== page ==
If your desire is to be working as an Ecologist, or Wildlife Ecologist, it is important to know the nature of the work you will be doing. An ecologist spends quality scientific time in the field, conducting investigations, classifying plants, animals and other organisms, and recording the data accumulated.
After conducting surveys, you will spend time in your laboratory or office analyzing, evaluating and deciphering the data that you collected.
Within the realm of fish and game warden careers, ecologists often work for government agencies, environmental groups, conservation charities and research institutes.
Education of Wildlife Ecologists
In order to become an ecologist, or wildlife ecologist, you will need an undergraduate or postgraduate degree in a relevant subject, such as ecology, biology, zoology, marine biology, geography, botanical sciences, or environmental management.
An advanced postgraduate degree can improve your chances of landing a solid job as an ecologist.
Ecologists perform such important tasks as the following:
- conducting field research
- consulting with governmental groups on issues such as environmental management
- examining animals and observing important characteristics such as life history patterns, population numbers, behavior, diet, and habitat use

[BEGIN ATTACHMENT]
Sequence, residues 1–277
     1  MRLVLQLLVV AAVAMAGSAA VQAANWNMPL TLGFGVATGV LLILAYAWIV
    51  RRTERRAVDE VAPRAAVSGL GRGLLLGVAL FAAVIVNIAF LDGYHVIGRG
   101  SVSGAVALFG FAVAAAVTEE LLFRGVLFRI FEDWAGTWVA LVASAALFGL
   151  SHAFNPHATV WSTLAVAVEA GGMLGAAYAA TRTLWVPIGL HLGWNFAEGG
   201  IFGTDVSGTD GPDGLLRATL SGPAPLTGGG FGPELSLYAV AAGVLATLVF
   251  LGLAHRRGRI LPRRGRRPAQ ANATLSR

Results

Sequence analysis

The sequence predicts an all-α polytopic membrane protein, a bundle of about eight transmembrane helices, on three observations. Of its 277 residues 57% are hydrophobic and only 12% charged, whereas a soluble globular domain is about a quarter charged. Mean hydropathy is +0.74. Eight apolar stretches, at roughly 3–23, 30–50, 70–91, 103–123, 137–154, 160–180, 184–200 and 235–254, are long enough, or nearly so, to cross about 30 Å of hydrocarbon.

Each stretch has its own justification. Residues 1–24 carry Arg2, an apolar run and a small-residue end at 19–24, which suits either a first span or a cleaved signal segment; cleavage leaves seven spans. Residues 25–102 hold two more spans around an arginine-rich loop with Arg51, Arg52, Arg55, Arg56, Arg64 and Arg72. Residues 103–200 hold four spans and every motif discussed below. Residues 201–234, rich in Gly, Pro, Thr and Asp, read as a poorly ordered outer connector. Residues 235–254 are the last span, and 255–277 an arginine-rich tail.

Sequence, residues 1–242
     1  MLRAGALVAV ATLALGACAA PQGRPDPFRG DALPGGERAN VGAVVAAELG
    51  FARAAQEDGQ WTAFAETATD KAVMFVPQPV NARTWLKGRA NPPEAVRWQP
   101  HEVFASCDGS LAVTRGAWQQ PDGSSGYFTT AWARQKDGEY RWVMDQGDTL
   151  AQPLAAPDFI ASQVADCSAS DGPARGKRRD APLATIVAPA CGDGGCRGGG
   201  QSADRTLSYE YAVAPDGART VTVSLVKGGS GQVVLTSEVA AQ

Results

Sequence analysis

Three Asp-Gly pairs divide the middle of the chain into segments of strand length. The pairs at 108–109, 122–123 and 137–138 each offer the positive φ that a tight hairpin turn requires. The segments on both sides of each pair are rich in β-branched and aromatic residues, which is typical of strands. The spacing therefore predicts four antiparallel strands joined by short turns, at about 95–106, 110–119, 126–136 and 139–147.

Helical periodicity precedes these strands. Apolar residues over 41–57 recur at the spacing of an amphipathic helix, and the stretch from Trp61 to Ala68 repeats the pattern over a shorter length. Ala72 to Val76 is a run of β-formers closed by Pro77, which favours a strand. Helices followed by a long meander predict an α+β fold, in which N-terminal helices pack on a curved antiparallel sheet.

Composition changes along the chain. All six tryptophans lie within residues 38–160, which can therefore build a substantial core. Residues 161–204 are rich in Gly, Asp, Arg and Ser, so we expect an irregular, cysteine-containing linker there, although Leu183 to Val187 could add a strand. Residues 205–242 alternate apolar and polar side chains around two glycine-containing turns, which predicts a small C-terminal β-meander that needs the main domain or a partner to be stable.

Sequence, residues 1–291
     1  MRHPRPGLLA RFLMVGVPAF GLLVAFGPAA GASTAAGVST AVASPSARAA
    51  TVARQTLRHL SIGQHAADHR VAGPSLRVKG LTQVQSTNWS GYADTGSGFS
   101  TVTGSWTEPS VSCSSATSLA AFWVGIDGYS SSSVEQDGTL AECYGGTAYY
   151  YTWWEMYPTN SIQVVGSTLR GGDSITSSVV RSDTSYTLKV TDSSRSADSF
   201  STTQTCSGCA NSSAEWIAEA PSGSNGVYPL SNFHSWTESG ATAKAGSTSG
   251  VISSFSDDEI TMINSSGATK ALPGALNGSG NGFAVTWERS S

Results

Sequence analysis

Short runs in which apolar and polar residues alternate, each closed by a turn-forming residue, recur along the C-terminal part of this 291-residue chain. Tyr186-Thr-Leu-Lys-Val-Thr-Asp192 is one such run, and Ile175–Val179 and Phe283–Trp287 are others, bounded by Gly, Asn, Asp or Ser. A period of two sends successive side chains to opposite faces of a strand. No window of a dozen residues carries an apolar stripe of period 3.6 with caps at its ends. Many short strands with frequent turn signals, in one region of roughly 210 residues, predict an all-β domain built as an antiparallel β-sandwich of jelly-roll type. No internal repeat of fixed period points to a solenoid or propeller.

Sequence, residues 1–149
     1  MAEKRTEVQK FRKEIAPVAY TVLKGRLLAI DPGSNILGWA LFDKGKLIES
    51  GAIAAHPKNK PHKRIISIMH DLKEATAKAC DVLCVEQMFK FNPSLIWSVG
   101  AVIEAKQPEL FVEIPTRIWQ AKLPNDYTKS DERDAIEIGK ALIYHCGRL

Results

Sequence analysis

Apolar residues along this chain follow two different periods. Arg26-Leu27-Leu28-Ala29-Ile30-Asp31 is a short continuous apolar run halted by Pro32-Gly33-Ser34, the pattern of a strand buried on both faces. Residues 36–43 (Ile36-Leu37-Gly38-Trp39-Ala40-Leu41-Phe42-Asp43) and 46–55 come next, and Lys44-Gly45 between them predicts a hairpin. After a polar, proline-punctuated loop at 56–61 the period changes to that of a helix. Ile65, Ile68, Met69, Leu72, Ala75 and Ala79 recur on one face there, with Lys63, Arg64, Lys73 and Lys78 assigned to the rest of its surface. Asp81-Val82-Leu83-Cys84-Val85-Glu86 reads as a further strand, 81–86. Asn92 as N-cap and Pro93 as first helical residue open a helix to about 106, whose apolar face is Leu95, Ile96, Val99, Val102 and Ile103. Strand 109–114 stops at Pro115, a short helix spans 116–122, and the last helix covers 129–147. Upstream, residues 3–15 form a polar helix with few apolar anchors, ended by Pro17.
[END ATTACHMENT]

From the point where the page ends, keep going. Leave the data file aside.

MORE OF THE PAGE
- monitoring animal populations
- analyzing laboratory data
- conducting meticulous scientific processes to collect soil, plant, water, and animal samples
- protecting ecosystems and native wildlife
- preparing written reports
- supervising the work of technicians and technologists
An ecologist, or wildlife ecologist, can conduct research into any of the following fascinating areas:
- the effects of pollutants released into the atmosphere on wildlife and vegetation
- expansion of biological control policies to fight weeds and pest insects
- management of wildlife, fish, and forestry resources
- dam construction
The ecologist presents data in a concise and easily digestible manner. Part of your role might also involve educating local communities about environmental issues and ecosystems in their area.
As an ecologist, your work schedule may fluctuate depending on the nature of the work being performed. An example of your schedule fluctuating is that if you are working out in the field, your schedule might be determined by the seasons and the specific ecosystems that you are investigating. However, if you find yourself working in a laboratory or an office, you may enjoy a much more predictable daytime working schedule. Ecologists often spend much time working outdoors in sometimes unpredictable weather.
It is satisfying to know that the reports written by an ecologist can affect environmental policy and offer expert advice to engineers, architects, town planners and members of the public. An ecologist can have a profound effect on important issues.